Saturday, October 17, 2009

Proactive and Reactive Trading

When trading ranges are restricted, the amount that intraday traders can take out of any given market move will be limited. This makes execution--the ability to obtain good prices that maximize reward relative to risk--particularly important in choppy market conditions.

I define reactive trading as trading that is impulsive, often initiated by a fear of missing a move that seems to be getting under way. Instead of being guided by a forward sense for where the market is likely to go, the trader jumps aboard moves that look like they're going. More often than not, those moves reverse, leaving the trade underwater and the trader frustrated.

This is one reason why I like to start trades with profit targets, not entry setups. You enter a business venture only if you see significant profit potential: if the big picture isn't right for an entrepreneur, the venture isn't worth pursuing. Each trade is a business venture in miniature: it begins with a recognition of meaningful potential for gain. Only then does the entrepreneur/trader figure out how to pursue the venture so as to limit overhead and maximize profit.

In a range market, and especially in slow market conditions, it is necessary to temper one's expectations. Early in the morning when in a range, I'm looking to see if we are more likely to take out the overnight high or low; yesterday's high or low; the R1 or S1 level; etc. Incoming relative volume helps us understand how much participation there is in the market, which will provide useful guidance for how far we're likely to move.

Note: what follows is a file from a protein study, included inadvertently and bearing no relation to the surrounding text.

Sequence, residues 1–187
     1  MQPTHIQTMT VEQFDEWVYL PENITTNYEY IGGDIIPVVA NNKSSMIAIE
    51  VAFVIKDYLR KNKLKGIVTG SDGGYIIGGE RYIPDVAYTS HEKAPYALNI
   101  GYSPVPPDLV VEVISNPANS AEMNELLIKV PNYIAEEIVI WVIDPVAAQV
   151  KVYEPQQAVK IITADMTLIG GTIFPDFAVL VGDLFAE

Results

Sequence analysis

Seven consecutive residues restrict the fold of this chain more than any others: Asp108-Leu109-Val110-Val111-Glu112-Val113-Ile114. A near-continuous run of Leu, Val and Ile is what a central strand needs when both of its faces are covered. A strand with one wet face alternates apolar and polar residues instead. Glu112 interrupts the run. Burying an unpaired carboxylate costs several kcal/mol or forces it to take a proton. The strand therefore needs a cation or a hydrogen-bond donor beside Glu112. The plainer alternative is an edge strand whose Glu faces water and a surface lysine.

Measures of intraday sentiment, such as NYSE TICK and the Cumulative Market Delta, will give us important guidance as to the likely directionality of movement.

Together with profit targets, our estimates of volatility and directionality help us frame proactive trades in which we wait for pullbacks from the expected direction of movement to enter anticipated moves to our targets. By defining price and/or indicator levels where our trade idea is clearly wrong and sizing the initial entry with a fraction of one's total buying power, we both define and control risk, even as we pursue profit with an entrepreneurial spirit.

Discretionary trading need not be reactive trading. A good entrepreneur passes up many business ideas before setting forth with a specific venture. So it should be with trading. If you're a developing trader, the links in this article will help get you started.